At this point, I think it is worth stating that the way one answers the question may allow for an interpretation of universal salvation, but it surely doesn’t dictate it. I should also note that the authors don’t say that the way one answers the question dictates interpretation; I just thought I should make that clear.
I’m not going to interact directly with the article’s argument; I just thought it would be helpful to use this as a springboard to talk some more about (surprise!) syntax searching. Because examining questions like this really is syntax searching.
The authors of the article locate all instances of the prepositional phrase (there are 84 instances)* and then work through many of them looking to see what light they shed on how the prepositional phrase is attached. Of course, if you’ve used the OpenText.org Syntactically Analyzed Greek New Testament, you know that you can at least get their reading on questions like this. Here is how they organize 1Th 4.16:

1Th 4.16

As you can see, the OpenText.org SAGNT read the prepositional phrase (εν Χριστω, “in Christ”) as modifying the noun phrase, thus “the dead in Christ.”
Next we can search to find all instances of the prepositional phrase εν Χριστω. As you can see, The OpenText.org SAGNT does not specifically mark items as prepositional phrases, but it does have consistent encoding. There are two ways that prepositional phrases are annotated, and it depends on if they are adjectival (modifying a noun) or adverbial (modifying a verb). As can be seen in the above example, when the prepositional phrase is adverbial, one has a modifier that contains a modifier that is a specifier followed by a word that is the prepositional object. This query could be expressed as follows:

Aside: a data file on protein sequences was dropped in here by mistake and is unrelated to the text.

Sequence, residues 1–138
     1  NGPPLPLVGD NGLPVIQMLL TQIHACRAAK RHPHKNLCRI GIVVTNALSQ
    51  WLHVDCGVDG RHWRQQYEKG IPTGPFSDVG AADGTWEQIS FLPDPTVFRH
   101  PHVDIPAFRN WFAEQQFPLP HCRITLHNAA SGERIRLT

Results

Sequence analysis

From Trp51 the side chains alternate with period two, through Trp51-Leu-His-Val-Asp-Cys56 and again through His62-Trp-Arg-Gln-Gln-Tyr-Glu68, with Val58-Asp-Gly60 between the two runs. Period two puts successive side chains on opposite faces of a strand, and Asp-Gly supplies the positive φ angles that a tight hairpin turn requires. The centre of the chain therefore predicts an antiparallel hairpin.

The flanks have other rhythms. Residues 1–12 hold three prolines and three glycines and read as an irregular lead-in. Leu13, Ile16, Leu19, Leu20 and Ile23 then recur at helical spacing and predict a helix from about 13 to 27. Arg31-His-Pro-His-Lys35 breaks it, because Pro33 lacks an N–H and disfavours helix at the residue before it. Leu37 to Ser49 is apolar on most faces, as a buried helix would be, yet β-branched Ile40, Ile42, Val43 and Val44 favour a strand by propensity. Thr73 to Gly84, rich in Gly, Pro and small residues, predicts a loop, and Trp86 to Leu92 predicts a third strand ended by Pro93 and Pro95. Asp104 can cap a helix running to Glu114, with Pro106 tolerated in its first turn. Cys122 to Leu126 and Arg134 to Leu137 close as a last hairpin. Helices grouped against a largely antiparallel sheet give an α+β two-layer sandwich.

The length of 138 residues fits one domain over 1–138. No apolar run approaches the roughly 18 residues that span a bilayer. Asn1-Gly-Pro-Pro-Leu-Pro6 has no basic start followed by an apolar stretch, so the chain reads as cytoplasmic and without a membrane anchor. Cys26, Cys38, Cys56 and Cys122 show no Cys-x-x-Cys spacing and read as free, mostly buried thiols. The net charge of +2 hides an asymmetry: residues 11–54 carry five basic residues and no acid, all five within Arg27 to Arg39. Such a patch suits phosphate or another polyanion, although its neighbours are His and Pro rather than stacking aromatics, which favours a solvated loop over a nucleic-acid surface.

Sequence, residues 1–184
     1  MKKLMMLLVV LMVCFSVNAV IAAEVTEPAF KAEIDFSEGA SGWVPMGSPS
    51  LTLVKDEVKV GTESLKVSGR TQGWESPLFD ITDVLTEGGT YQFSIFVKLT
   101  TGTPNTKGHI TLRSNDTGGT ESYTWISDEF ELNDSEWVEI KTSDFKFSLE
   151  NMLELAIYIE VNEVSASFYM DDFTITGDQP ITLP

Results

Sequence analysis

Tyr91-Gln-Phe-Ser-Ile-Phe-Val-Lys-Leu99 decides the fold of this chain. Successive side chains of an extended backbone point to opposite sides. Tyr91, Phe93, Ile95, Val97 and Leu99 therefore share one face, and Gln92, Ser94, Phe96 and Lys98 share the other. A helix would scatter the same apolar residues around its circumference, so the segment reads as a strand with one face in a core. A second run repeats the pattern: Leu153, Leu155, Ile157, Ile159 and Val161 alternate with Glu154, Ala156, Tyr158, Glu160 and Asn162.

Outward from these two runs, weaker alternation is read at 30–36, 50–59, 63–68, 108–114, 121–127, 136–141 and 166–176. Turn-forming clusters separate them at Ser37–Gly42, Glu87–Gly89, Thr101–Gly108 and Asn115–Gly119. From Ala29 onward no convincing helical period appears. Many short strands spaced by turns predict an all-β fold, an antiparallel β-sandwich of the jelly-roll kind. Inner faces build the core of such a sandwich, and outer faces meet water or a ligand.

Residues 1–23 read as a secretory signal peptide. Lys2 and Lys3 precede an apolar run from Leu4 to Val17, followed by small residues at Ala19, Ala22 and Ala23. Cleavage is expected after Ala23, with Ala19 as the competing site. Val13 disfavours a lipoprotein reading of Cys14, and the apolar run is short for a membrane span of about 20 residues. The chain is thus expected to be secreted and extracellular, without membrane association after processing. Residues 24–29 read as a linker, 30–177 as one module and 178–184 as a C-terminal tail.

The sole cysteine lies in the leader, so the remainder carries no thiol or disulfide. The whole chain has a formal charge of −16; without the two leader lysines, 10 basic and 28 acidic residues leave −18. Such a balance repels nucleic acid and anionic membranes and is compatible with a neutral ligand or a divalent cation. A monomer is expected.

εν Χριστω functioning adjectivally

Adverbial instances are different; Romans 9.1 is a good example:

Ro 9.1

Inside of the word group (wg), the head term contains the exact same structure as the modifier in the adjectival version above. This can be expressed in the Syntax Search dialog as follows:

εν Χριστω functioning adverbally

If you combine both searches with an OR, you can get a list of all of the instances of εν Χριστω to follow along and consult as you read the article.

εν Χριστω as prepositional phrase

This essentially gives you a second opinion to check out while you follow the authors’ argument. And for technical arguments like the sort made in this article; that can be helpful.


* The authors’ count is 84; however a syntax search returns 86 hits. There are two verses that have two hits apiece. First is 1Co 4.15, which has εν and Χριστω separated by a postpositive γαρ in the second hit of the verse. The other verse is Php 4.19, which has an ambiguous modification structure (εν δοξη εν Χριστω Ιησου) that causes searches to locate each εν as the basis of the hit. Therefore a Syntax Search provides evidence of 85 instances; as the authors of the article do not provide a comprehensive hit list, there is no way to tell where these lists differ. My guess is that their count is a count of verse instances (84) and not of hits (85), though they do phrase it as if the number 84 reflects instances and not number of verses in which instances are found—a subtle but important difference.